LIVE BLOG: Board of Education Monthly Meeting, July 14, 2014

Thank you for following our live blog of the June 14, 2014 Board of Education  Meeting for Atlanta Public Schools.

View today’s agenda here:

Watch the Board of Education meeting here:


The public can now follow the Committee of the Whole and Legislative meetings via the LIVESTREAM link above.

REFRESH your browser often for updates.

The meeting will begin soon.  Tonight we will update the live blog with highlights from the Committee of the Whole and Legislative Meetings.  We will blog public comment from the community meeting if time permits.

Tonight marks the first meeting for the district’s newly selected superintendent, Dr. Meria Carstarphen.

Remarks by BOE Chair, Courtney English

In an effort to make our board meetings efficient we will be instituting some changes in preparation for the board meeting and to the actual flow of the meeting itself, some of those changes have already been implemented.


  • As you know, board members will be asked to log on to board docs to read the meeting material prior to the board meeting. In order to ensure efficiency and make the best use of everyone’s time, it is absolutely critical that we take the time to read through the board docs information and submit questions about the consent agenda BEFORE the board meeting for answers.
  • As I shared with you last week, we are working to ensure that there will not be any changes to the agenda after it goes live to the public…all is not perfect but it is our goal including executive session items.
  • Dr. Carstarphen WILL NOT repeat the synopsis of each individual agenda item at the board meeting. She will instead present the entire consent agenda for approval at once with the understanding that board member concerns/questions have been previously addressed.

During the Meeting:
Under your direction (to his colleagues), based on conversations and deliverables from our board retreat on April 29th. We would like the system to move beyond the last minute work, thus our goal should be to acquire as much information for the board prior to the board meeting, and additionally we would like to ensure a better use of your time by becoming more efficient on how we share this information with you and the public.  Here are some of the changes that will assist in our efficiency.

  • You will notice that the agenda now has times. By adding a time frame for a particular section of the agenda will assist in keeping us on track.
  • The entire legislative meeting should last until approximately 7:50 or so.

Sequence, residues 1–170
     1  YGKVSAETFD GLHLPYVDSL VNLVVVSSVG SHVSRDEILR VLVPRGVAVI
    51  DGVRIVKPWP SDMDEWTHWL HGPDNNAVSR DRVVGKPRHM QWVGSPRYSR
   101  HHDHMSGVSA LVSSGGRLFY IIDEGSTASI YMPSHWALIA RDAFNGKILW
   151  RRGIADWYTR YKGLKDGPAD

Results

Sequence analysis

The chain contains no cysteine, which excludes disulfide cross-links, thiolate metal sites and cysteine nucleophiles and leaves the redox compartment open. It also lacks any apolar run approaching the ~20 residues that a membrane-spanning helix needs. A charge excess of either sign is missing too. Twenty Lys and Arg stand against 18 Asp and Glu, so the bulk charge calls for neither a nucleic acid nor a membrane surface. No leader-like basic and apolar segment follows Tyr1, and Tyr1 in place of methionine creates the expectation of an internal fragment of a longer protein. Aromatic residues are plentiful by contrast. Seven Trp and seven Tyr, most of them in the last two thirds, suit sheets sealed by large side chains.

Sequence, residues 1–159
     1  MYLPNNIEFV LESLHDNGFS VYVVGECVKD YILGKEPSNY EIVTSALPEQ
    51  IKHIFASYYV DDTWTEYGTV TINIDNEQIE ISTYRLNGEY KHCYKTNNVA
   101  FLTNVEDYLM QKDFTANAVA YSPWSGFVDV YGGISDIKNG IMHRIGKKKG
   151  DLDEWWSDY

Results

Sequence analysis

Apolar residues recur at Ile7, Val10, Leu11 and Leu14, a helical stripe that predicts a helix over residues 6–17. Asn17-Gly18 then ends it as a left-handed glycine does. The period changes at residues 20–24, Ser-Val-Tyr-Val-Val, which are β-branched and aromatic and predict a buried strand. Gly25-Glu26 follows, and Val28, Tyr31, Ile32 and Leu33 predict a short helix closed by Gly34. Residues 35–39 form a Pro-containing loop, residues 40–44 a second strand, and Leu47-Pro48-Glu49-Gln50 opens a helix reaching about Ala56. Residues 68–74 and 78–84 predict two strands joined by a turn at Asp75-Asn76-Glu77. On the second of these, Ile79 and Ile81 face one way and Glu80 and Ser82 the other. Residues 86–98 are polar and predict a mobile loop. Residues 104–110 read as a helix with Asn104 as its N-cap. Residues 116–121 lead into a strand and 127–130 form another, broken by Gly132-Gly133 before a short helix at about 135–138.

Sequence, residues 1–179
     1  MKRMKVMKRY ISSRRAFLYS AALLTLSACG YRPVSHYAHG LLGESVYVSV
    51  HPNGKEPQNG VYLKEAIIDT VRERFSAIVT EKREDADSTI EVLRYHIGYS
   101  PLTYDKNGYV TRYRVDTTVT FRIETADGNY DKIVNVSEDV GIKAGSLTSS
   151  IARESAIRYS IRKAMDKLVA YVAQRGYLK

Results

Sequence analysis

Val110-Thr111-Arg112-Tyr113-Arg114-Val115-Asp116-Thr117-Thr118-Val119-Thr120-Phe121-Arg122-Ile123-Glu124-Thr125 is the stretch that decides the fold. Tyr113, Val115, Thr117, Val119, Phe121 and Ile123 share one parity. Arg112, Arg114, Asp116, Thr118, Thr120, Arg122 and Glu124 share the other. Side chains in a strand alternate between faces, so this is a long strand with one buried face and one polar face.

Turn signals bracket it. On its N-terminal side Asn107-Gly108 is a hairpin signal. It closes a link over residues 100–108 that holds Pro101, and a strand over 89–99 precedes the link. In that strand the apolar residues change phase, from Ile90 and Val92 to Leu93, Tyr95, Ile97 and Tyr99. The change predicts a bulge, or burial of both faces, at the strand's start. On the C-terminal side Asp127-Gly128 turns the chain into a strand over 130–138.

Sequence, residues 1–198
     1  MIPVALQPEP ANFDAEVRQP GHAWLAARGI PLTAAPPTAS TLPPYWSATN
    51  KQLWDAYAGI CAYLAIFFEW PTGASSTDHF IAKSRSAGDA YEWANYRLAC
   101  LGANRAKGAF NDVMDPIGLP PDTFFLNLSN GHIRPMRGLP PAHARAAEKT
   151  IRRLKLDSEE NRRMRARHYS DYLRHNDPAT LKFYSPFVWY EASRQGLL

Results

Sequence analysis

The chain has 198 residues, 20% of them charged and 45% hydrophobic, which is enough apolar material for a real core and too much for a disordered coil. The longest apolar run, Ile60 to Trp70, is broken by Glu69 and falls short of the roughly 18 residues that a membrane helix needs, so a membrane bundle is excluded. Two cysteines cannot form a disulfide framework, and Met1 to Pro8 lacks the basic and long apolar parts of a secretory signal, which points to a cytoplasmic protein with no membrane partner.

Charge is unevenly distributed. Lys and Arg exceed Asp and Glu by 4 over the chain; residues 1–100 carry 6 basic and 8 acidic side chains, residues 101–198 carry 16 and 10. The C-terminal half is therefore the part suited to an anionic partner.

• Old/New Business has been removed from the agenda template.
  • We would like to encourage board members to discuss the addition of items with the board chair prior to the agenda setting meeting.
  • You will also note that on the agenda, the executive session will take place after the approval of the consent agenda.  After the executive session the board will resume the COW, report out and adjourn.
  • There will clearer titles.
  • All needed materials will be attached to the agenda
  • During the Legislative meeting, the Superintendent’s comments may only be geared toward agenda items and items that will be voted on.
  • The term CONSENT will replace SUPERINTENDENT REPORT on the Legislative agenda.

Board Norms

  • Every good board has sets of rules developed for how board members will interact with each other and their board’s mission.
  • These rules or norms will form regardless of whether they are effective for the team. In fact, left to develop on their own, some of the ways of interacting and making progress may actually undermine the team’s efforts to succeed.
  • When board members commit to the highest ideals of excellence in school governance, they will improve substantially the overall operation of their school districts and elevate the role public education plays in developing future citizens.
  • APS and the Board is currently in a period of significant change for public education in Atlanta, with expectations for student achievement rising, the need for growth and resources increasingly restricted, the work of our school board never has been more challenging-or critical to the success of our students.
  • In fact, how we govern the district is inextricably linked to school and student performance.